Planning Techniques to Avoid Probate
What is Probate?
Probate is the legal process the Court takes to distribute your property and pay your debts upon your death. During the probate process, your property is identified, inventoried, and then distributed to your beneficiaries. The Court makes certain that any and all debts and taxes are paid before any final distribution of assets to the beneficiaries. If you have a Will, the Court will make sure your assets reach your named beneficiaries; if you do not have a Will, the Court will distribute the property according to the rules of “intestate succession” which is in the Florida statutes.
The probate process has very specific legal requirements and cause problems including:
Probate can take a lot of time, anywhere from 3-6 months to over a year. If you have creditor claims, unpaid taxes, or heirs who contest the Will, the process can take longer.
Higher Legal Fees:
The probate process can become expensive. According to Florida law, you must have an attorney is required in most probate proceedings. Attorney’s fees are based on a percentage of the value of the probate estate, but could be based on an hourly rate. The longer the probate takes, the more it will cost, leaving the heirs with less than intended. If there are any challenges to the probate, the cost can be very high.
When your Will becomes part of the probate file in the Court, it is a public document; how much you left behind, how much you owe to creditors, and who are your beneficiaries are no longer private family matters.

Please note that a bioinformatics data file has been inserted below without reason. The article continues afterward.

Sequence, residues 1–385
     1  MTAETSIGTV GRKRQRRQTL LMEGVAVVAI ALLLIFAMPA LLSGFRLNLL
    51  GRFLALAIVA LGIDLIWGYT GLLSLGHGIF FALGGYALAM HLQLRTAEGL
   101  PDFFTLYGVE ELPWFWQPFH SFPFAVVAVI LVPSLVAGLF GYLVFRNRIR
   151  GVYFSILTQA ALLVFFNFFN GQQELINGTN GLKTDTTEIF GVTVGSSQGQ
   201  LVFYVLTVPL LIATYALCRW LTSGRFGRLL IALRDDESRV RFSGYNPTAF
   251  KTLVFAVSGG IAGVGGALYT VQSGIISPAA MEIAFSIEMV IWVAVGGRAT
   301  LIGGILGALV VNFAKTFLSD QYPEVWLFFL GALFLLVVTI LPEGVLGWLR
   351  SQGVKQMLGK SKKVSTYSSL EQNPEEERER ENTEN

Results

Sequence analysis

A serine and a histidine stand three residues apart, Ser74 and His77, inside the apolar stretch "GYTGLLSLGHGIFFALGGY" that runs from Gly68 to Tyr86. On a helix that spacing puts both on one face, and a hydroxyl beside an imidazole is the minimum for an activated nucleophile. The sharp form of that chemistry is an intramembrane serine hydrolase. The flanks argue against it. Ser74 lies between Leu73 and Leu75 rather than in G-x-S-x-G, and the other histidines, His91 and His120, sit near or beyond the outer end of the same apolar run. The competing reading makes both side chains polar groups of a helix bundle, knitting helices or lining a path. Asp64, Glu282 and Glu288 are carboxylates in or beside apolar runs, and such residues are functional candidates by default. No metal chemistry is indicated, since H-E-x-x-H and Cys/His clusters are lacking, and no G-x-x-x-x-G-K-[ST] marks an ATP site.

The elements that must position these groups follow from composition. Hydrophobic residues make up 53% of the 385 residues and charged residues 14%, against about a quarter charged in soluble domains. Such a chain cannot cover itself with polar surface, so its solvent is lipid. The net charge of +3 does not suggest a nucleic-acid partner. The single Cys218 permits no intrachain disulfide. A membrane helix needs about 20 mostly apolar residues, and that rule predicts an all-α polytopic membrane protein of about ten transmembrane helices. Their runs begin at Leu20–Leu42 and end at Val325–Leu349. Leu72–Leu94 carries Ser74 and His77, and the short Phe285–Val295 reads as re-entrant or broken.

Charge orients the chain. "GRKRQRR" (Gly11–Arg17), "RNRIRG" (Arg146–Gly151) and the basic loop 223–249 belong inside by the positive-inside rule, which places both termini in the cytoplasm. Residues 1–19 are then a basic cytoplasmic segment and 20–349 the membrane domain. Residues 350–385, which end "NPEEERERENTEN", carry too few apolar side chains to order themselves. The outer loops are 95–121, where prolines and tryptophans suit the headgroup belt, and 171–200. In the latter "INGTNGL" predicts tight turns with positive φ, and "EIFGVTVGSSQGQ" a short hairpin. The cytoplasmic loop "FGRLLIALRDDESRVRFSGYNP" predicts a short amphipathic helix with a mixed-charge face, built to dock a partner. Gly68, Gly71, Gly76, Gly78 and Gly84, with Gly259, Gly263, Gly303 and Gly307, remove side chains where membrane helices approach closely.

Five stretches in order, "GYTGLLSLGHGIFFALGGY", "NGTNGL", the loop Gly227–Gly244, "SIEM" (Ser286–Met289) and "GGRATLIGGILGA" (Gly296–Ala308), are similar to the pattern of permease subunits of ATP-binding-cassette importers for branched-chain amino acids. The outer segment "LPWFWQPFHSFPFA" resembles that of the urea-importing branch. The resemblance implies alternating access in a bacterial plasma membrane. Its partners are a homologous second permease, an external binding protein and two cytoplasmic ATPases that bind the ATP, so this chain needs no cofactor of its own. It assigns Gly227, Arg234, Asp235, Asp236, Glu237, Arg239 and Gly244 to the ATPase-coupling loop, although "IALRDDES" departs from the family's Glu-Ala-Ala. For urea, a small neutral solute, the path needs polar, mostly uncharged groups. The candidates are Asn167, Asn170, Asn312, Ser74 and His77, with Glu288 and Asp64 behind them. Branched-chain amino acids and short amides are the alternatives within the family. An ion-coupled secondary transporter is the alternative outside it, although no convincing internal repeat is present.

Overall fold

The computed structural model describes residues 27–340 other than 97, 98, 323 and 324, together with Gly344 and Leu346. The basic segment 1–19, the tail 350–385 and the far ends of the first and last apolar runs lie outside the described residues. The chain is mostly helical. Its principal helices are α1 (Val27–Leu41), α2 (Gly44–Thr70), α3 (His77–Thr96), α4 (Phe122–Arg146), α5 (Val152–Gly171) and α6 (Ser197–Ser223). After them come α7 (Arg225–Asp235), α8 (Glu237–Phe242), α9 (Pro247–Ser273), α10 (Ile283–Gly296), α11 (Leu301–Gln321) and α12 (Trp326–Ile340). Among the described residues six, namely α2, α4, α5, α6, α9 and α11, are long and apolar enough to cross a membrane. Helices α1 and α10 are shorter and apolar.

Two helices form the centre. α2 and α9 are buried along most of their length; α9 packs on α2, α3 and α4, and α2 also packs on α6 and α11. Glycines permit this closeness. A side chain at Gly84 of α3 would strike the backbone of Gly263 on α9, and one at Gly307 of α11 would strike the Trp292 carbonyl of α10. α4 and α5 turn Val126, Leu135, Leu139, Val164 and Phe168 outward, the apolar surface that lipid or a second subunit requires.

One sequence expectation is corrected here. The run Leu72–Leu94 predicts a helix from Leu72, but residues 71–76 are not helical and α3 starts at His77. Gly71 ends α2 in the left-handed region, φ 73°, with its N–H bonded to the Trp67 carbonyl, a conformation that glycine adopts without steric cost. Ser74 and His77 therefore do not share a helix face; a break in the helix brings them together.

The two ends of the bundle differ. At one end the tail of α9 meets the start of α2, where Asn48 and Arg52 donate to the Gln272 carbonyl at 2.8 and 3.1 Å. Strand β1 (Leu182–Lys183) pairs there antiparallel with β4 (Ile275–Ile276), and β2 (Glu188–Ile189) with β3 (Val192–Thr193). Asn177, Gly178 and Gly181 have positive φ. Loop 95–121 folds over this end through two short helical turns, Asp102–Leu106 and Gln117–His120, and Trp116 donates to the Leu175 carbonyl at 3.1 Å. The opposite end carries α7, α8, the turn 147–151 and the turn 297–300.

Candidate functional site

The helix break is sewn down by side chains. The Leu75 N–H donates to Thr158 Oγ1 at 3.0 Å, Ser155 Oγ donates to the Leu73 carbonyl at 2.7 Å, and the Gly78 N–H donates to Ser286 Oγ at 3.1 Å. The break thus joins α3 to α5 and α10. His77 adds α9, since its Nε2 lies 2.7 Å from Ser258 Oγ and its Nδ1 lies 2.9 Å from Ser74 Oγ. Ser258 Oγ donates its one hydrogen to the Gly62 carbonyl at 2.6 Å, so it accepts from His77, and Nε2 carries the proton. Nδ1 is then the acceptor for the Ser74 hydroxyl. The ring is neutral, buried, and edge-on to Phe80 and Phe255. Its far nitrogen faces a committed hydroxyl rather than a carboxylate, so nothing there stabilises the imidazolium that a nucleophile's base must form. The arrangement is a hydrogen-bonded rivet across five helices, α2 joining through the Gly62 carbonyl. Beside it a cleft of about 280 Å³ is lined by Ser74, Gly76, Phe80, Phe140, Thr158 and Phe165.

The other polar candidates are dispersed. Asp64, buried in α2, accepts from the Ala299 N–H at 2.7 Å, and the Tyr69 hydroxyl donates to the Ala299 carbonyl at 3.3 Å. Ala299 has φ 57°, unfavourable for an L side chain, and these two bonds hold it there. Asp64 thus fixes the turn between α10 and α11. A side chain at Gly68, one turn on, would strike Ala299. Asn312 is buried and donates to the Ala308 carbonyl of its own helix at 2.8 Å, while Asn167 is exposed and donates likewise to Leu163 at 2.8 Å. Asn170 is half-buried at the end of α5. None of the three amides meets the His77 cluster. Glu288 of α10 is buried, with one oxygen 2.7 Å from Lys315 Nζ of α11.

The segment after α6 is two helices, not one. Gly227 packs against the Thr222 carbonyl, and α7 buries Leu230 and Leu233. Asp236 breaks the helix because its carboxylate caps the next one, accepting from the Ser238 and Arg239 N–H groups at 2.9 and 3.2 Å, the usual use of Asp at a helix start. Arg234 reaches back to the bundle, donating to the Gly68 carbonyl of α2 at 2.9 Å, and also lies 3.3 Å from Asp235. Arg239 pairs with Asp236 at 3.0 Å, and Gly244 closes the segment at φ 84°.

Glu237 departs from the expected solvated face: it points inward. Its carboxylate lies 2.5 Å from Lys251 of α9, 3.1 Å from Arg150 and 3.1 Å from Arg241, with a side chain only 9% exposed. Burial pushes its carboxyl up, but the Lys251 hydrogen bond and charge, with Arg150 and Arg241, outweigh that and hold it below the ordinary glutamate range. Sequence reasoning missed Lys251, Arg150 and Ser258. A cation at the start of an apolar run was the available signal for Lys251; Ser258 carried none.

Ways to Avoid Probate
Build a Trust
One of the best ways to avoid probate is to create a living revocable trust. A living trust is very similar to a will and allows the role of a trustee to take control in the event of death. This makes your property no longer part of your probate estate and it avoids the probate process entirely. You can instruct your trustee, upon your death, how they should transfer the property to the proper beneficiaries.
Another way to avoid probate is to have your property held jointly. If your spouse or significant other passes, the jointly held property will go to the surviving member, completely avoiding the probate process. Of course, unless the surviving member then takes further steps to avoid probate, there will be a probate when he or she passes.
Beneficiary Designations and Payable on Death Accounts
If you have completed beneficiary designations on retirement accounts and life insurance policies those assets will pass to the named individual, completely avoiding the probate process. It is always a good idea to name a secondary or contingent beneficiary, in case your beneficiary predeceases you.
For bank and investment accounts, you can designate the account be “payable on death” or “transfer on death” to a named beneficiary. This, too, will completely avoid the probate process.
Lady Bird Deed
A “Lady Bird Deed” offers a simple, inexpensive way to transfer real estate upon your death, without probate. These deeds work to transfer the property upon your death, much like a transfer on death account. These deeds have some drawbacks, however, and it is advisable to discuss your situation with an estate planning attorney.
Contact the Law Office of Debra G. Simms for your free consultation to discuss how you can avoid Probate.